The rest of the race was a series of picking up dropped riders as we rode in a paceline. I noticed that the guys I was joining did not properly place themselves with respect to the wind for a paceline. They were still riding in “race mode” whereby you position yourself in such a way as to minimize the draft of the trailing riders. This is not “nice” and does not give the guys you are working with very much recovery after their turns on the front. I finally spoke up and instructed the group to “move left” or “move right” and some of the guys complied. We then had a decent echelon with which to draft; the group actually speeds up when you do this. The down side is that the group recovers better and you don’t burn people out as much, so they may be fresher at the finish and beat you. But that’s the risk you take.

The composition of the group varied over the rest of the lap as we picked guys up and dropped guys from the group. Cervelo was dropped on a climb, some cat 3’s and a cat 2(!) joined our group. Now, it is illegal to work with riders from other races during yours, however when you are 4 minutes in arrears of your race leaders – who cares? I suppose there are some rules (receiving assistance from a motor vehicle) which you just don’t break, but there are others (yellow-line, working with riders of other fields) that are dictated by the situation. Speaking of which, I was in the race with a former race director who clearly felt the same way as he moved up through the field in the left gutter! That’s right; it wasn’t just a possible center-line infraction, but a flagrant one. However, while I was heckling him (teasing really), I would have done the same thing. We could see that the road ahead was clear and the crosswind section had the pack all over the road. On the other hand there are obvious circumstances where this would be foolhardy and reckless – which is why there is this “iron rule” imposed on the racers.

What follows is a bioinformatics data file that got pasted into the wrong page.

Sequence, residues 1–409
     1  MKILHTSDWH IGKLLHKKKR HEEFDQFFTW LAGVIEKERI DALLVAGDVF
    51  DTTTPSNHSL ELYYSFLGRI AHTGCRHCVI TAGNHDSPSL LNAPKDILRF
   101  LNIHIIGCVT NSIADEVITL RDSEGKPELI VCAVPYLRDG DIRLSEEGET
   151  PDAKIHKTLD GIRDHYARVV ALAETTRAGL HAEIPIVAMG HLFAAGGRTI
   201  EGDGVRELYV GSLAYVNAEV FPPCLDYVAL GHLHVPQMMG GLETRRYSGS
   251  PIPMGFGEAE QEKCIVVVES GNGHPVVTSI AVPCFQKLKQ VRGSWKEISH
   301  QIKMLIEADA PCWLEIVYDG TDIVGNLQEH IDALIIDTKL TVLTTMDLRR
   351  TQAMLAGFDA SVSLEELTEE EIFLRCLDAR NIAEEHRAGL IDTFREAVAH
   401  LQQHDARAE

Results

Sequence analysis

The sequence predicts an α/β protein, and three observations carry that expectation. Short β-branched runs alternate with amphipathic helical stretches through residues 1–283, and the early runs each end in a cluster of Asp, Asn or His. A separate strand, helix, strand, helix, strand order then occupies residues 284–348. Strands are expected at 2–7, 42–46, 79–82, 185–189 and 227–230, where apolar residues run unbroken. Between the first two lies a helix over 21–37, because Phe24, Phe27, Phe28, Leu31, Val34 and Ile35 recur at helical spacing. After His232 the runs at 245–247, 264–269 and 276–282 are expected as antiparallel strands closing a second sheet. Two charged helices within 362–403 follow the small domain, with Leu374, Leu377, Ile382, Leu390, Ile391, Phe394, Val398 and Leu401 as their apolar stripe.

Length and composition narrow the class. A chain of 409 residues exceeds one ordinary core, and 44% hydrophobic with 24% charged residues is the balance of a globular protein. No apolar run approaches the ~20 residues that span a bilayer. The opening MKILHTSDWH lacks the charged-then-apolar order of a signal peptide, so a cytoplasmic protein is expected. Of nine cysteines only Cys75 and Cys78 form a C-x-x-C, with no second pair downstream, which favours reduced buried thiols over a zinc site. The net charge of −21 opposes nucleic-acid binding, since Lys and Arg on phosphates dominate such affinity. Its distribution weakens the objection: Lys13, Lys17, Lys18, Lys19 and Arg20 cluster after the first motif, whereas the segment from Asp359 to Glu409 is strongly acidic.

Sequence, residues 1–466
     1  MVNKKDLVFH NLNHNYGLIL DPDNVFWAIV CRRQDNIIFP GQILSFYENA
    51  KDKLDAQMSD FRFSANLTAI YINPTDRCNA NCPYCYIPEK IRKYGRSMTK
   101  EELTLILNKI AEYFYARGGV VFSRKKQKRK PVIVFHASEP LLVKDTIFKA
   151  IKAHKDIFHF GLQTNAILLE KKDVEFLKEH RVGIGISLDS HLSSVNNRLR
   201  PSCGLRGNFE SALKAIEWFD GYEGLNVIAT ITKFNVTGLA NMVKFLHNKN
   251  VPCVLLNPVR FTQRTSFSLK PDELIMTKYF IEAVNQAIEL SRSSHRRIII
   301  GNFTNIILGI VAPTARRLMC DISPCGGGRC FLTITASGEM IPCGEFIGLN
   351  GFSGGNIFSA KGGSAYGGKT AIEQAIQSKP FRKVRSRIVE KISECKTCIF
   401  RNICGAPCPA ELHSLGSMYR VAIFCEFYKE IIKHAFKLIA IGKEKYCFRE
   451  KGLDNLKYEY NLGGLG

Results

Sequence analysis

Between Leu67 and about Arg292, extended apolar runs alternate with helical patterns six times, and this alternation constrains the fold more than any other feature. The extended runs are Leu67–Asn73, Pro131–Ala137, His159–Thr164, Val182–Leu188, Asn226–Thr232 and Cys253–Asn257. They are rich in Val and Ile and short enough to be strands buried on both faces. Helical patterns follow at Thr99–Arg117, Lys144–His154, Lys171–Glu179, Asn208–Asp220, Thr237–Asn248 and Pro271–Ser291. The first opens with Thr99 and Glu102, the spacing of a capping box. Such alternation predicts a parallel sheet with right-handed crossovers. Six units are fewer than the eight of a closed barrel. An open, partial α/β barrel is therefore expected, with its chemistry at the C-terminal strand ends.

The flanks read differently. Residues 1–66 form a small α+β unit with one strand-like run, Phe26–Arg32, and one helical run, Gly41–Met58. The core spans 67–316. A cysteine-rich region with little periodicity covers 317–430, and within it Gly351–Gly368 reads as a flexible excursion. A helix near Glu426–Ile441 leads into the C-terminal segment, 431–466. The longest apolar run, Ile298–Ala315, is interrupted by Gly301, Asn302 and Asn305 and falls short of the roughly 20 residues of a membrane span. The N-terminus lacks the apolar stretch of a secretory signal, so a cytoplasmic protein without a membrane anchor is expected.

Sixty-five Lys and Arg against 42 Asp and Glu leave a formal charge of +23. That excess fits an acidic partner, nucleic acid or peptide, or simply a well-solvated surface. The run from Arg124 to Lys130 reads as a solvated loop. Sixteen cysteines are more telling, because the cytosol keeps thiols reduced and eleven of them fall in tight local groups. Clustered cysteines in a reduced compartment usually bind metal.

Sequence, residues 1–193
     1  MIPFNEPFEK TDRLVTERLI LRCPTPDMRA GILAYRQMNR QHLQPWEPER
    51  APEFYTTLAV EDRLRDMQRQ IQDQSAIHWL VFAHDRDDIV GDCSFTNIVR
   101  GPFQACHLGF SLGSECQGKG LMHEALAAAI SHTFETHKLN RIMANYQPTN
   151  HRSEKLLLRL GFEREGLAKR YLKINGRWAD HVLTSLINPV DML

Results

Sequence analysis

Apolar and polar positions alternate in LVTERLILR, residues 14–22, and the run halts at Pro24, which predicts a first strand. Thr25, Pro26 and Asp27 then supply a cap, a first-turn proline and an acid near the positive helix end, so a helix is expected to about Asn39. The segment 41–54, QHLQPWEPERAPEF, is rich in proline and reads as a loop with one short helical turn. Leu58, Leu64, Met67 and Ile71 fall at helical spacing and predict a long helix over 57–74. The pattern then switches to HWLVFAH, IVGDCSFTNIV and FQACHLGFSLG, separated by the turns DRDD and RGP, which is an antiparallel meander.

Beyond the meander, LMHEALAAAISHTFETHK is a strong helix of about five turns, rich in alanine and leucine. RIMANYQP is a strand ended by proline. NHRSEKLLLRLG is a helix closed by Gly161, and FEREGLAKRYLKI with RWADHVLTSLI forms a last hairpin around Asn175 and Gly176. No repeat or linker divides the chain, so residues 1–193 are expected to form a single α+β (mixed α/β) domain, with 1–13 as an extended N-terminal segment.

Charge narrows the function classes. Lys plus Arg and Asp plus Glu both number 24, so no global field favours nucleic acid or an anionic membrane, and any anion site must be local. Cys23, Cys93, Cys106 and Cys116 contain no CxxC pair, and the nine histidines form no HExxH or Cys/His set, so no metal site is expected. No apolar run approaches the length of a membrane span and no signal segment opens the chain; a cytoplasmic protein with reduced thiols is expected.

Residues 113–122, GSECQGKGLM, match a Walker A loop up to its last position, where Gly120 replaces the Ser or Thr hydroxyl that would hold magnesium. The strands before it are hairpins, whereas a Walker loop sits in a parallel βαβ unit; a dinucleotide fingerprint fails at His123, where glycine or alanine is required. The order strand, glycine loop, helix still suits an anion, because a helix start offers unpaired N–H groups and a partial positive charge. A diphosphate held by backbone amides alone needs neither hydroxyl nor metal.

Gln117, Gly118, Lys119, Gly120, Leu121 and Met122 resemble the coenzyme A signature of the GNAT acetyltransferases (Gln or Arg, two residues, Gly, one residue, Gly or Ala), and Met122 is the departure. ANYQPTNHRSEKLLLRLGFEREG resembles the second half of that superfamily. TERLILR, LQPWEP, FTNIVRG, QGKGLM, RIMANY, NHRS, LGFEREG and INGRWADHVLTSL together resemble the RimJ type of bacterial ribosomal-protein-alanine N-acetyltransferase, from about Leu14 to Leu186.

One of the riders we picked up (and dropped) during this time was Brean. Brean is part of the uber-hip Chicago Cuttin Crew bike messenger team. I was surprised to find him towards the back end of things and asked him why he was off the back: “Stuck in the little ring” he said to me. “Stuck with a small motor” was my reply. Turned out his front derailleur had malfunctioned and he was stuck in his small chainring. Most of the race I was in my big chainring (hard to believe, I know), so this would be a significant disadvantage to him. It was good to have a “friend” in the group though as we’ve ridden together in races before. Well, his luck went from bad to worse as he got a flat a few miles further down the road and fell off the pace. He was wise enough to carry an emergency pump/sealant deal, but that was all he could do to limp into town. However, he is the type of bike racer we all should be: he was happy after the finish. Whining like a child about his bad luck? Nope, laughing at the adventure of this silly race. In bike racing as in life: don't take yourself too seriously.